“To support this work, the government will initiate an expert review to consider protocols, guidance, and safeguards for those with a mental illness seeking MAID and will make recommendations within a year (by March 17, 2022).

“After March 17, 2023, people with a mental illness as their sole underlying medical condition will have access to MAID if they are eligible and the practitioners fulfill the safeguards that are put in place for this group of people. …”

While many physicians and others have long been sympathetic to allowing medical professionals to help those with terminal illness die peacefully, the fear has been that medically assisted death could become a substitute for adequate—and more costly—medical care. Those concerns are growing with the expansion of MAID in Canada.

Wednesday, June 23, 2021

Experimental Regulations for AI: Sandboxes for Morals and Mores

Ranchordas, Sofia
Morals and Machines (vol.1, 2021)
Available at SSRN: 


Recent EU legislative and policy initiatives aim to offer flexible, innovation-friendly, and future-proof regulatory frameworks. Key examples are the EU Coordinated Plan on AI and the recently published EU AI Regulation Proposal which refer to the importance of experimenting with regulatory sandboxes so as to balance innovation in AI against its potential risks. Originally developed in the Fintech sector, regulatory sandboxes create a testbed for a selected number of innovative projects, by waiving otherwise applicable rules, guiding compliance, or customizing enforcement. Despite the burgeoning literature on regulatory sandboxes and the regulation of AI, the legal, methodological, and ethical challenges of regulatory sandboxes have remained understudied. This exploratory article delves into the some of the benefits and intricacies of employing experimental legal instruments in the context of the regulation of AI. This article’s contribution is twofold: first, it contextualizes the adoption of regulatory sandboxes in the broader discussion on experimental approaches to regulation; second, it offers a reflection on the steps ahead for the design and implementation of AI regulatory sandboxes.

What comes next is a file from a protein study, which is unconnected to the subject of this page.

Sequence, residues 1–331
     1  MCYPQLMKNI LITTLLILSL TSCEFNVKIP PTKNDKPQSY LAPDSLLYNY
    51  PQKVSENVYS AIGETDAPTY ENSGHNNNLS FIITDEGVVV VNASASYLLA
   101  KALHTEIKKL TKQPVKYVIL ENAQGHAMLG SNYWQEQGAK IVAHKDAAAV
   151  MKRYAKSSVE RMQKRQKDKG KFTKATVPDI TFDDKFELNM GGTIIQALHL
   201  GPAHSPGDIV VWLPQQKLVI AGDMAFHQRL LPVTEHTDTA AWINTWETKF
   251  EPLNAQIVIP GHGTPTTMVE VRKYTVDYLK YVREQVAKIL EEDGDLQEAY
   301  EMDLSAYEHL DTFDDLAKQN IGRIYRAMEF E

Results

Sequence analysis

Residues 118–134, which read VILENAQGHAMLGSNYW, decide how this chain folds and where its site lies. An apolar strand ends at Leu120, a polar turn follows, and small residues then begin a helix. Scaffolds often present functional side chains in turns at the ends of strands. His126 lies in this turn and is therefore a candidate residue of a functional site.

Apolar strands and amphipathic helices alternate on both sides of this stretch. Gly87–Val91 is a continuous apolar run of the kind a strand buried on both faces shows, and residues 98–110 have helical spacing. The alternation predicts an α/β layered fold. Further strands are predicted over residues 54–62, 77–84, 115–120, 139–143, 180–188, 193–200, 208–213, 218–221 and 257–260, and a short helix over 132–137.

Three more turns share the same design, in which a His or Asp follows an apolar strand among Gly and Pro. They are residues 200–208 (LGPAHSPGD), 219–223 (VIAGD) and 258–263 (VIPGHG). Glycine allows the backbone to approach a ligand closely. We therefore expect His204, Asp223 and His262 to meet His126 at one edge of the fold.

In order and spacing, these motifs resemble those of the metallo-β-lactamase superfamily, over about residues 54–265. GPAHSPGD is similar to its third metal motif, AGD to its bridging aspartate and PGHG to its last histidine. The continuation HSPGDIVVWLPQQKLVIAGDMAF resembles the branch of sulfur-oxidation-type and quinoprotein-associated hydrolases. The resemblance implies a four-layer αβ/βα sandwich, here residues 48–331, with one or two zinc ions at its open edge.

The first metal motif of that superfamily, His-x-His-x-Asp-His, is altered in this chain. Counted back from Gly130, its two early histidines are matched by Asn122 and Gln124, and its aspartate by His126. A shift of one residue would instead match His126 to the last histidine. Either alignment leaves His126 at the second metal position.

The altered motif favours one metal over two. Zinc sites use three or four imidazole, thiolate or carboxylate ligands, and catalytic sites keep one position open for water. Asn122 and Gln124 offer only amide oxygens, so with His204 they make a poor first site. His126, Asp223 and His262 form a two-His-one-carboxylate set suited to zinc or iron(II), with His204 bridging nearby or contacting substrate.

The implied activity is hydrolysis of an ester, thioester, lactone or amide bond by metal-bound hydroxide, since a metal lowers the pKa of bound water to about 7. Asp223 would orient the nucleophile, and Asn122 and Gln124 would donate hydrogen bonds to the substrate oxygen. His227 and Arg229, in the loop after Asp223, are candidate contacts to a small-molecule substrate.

In conclusion, AI regulatory sandboxes are not the answer to more innovation in AI. They are part of the path to a more forward-looking approach to the interaction between law and technology. This new approach will most certainly be welcomed with reluctance in years to come as it disrupts existing dogmas pertaining to the way in which we conceive the principle of legal certainty and the reactive—rather than anticipatory—nature of law. However, traditional law and regulation were designed with human agents and enigmas in mind. Many of the problems generated by AI (discrimination, power asymmetries, and manipulation) are still human but their scale and potential for harms (and benefits) have long ceased to be. It is thus time to rethink our fundamental approach to regulation and refocus on the new regulatory subject before us.

Tuesday, June 22, 2021

Against Empathy Bias: The Moral Value of Equitable Empathy

Fowler, Z., Law, K. F., & Gaesser, B.
Psychological Science
Volume: 32 issue: 5, page(s): 766-779